Background on Process Control and Safety Instrumented Systems

Figure 1: ICS Reference Architecture

Modern industrial process control and automation systems rely on a variety of sophisticated control systems and safety functions. These systems and functions are often referred to as Industrial Control Systems (ICS) or Operational Technology (OT).

A Distributed Control System (DCS) provides human operators with the ability to remotely monitor and control an industrial process. It is a computerized control system consisting of computers, software applications and controllers. An Engineering Workstation is a computer used for configuration, maintenance and diagnostics of the control system applications and other control system equipment.

A SIS is an autonomous control system that independently monitors the status of the process under control. If the process exceeds the parameters that define a hazardous state, the SIS attempts to bring the process back into a safe state or automatically performs a safe shutdown of the process. If the SIS and DCS controls fail, the final line of defense is the design of the industrial facility, which includes mechanical protections on equipment (e.g. rupture discs), physical alarms, emergency response procedures and other mechanisms to mitigate dangerous situations.

Asset owners employ varied approaches to interface their plant’s DCS with the SIS. The traditional approach relies on the principles of segregation for both communication infrastructures and control strategies. For at least the past decade, there has been a trend towards integrating DCS and SIS designs for various reasons including lower cost, ease of use, and benefits achieved from exchanging information between the DCS and SIS. We believe TRITON acutely demonstrates the risk associated with integrated designs that allow bi-directional communication between DCS and SIS network hosts.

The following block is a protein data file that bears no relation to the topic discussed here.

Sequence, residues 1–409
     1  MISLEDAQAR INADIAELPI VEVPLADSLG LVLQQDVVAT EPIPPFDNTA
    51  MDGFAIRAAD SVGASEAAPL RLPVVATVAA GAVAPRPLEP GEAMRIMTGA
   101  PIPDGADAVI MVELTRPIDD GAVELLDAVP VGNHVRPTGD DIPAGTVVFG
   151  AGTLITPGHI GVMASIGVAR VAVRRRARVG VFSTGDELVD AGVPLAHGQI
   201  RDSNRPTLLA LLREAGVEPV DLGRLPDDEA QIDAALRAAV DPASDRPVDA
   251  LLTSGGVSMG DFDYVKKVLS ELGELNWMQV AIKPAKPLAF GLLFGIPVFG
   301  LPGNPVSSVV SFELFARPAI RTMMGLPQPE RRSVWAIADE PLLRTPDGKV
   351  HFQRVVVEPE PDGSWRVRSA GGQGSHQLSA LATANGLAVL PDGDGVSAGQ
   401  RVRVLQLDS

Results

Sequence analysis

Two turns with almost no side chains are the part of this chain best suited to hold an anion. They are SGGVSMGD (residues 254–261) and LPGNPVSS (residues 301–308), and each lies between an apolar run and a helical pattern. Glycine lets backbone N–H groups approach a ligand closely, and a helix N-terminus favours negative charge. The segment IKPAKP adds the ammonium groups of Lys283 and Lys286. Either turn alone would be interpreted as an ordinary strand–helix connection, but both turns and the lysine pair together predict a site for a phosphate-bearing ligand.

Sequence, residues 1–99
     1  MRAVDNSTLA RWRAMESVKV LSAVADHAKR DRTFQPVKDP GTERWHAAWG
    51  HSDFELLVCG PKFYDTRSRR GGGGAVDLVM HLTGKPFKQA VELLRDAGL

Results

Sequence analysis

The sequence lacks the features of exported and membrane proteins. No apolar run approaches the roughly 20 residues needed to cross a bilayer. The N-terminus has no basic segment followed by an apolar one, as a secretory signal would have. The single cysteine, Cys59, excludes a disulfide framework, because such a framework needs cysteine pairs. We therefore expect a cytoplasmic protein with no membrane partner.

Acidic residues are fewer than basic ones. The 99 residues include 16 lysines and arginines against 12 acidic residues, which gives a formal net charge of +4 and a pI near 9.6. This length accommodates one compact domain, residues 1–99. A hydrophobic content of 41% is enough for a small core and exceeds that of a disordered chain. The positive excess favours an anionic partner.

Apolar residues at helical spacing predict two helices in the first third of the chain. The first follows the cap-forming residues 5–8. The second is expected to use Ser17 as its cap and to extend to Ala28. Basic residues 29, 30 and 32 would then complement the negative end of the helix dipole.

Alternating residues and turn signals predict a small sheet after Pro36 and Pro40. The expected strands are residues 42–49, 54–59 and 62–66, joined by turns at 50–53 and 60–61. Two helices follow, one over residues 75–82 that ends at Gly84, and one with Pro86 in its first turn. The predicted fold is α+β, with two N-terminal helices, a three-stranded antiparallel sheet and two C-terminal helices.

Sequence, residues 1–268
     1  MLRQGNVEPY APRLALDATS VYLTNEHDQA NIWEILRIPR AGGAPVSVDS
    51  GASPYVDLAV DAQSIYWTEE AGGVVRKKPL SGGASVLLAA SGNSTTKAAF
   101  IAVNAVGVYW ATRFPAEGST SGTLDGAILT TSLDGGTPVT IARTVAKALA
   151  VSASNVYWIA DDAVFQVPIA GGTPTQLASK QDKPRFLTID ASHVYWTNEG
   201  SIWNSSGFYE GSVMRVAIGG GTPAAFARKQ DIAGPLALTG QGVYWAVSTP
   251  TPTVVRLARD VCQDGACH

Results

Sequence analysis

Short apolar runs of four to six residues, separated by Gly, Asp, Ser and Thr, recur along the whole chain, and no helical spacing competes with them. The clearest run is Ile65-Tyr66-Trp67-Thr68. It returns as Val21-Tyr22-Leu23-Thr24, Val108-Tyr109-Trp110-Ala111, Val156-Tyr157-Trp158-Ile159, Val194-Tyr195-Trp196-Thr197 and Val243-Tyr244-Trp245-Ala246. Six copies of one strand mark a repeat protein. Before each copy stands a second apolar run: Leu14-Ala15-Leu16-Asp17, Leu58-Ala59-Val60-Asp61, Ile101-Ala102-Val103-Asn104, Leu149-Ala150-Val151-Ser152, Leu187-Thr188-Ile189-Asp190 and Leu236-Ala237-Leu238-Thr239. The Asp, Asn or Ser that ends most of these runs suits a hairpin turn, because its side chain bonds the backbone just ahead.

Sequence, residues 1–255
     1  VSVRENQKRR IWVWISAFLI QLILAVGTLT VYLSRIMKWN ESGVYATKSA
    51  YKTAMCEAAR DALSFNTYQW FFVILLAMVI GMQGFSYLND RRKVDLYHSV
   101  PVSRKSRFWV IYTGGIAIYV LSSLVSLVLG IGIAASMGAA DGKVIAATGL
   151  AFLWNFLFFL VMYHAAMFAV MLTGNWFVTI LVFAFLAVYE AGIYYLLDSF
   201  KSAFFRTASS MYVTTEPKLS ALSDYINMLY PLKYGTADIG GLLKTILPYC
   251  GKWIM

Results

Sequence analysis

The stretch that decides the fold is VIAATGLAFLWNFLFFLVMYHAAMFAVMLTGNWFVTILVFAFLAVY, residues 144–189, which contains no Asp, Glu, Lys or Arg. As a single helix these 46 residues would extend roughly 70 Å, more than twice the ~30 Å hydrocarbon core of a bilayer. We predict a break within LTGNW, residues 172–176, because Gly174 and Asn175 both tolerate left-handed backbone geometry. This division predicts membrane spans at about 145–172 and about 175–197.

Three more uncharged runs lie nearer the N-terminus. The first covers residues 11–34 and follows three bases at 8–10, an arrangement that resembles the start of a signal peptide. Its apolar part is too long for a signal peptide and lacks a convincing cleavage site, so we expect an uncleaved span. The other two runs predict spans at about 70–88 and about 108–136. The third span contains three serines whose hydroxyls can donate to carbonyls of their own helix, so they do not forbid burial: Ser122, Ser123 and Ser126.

Safety Instrumented Systems Threat Model and Attack Scenarios

Figure 2: Temporal Relationship Between Cyber Security and Safety

The attack lifecycle for disruptive attacks against ICS is similar to other types of cyber attacks, with a few key distinctions. First, the attacker’s mission is to disrupt an operational process rather than steal data. Second, the attacker must have performed OT reconnaissance and have sufficient specialized engineering knowledge to understand the industrial process being controlled and successfully manipulate it.

Figure 2 represents the relationship between cyber security and safety controls in a process control environment. Even if cyber security measures fail, safety controls are designed to prevent physical damage. To maximize physical impact, a cyber attacker would also need to bypass safety controls.

The SIS threat model below highlights some of the options available to an attacker who has successfully compromised an SIS.

Attack Option 1: Use the SIS to shutdown the process

  • The attacker can reprogram the SIS logic to cause it to trip and shutdown a process that is, in actuality, in a safe state. In other words, trigger a false positive.
  • Implication: Financial losses due to process downtime and complex plant start up procedure after the shutdown.

Attack Option 2: Reprogram the SIS to allow an unsafe state

  • The attacker can reprogram the SIS logic to allow unsafe conditions to persist.
  • Implication: Increased risk that a hazardous situation will cause physical consequences (e.g. impact to equipment, product, environment and human safety) due to a loss of SIS functionality.

Attack Option 3: Reprogram the SIS to allow an unsafe state – while using the DCS to create an unsafe state or hazard

  • The attacker can manipulate the process into an unsafe state from the DCS while preventing the SIS from functioning appropriately.
  • Implication: Impact to human safety, the environment, or damage to equipment, the extent of which depends on the physical constraints of the process and the plant design.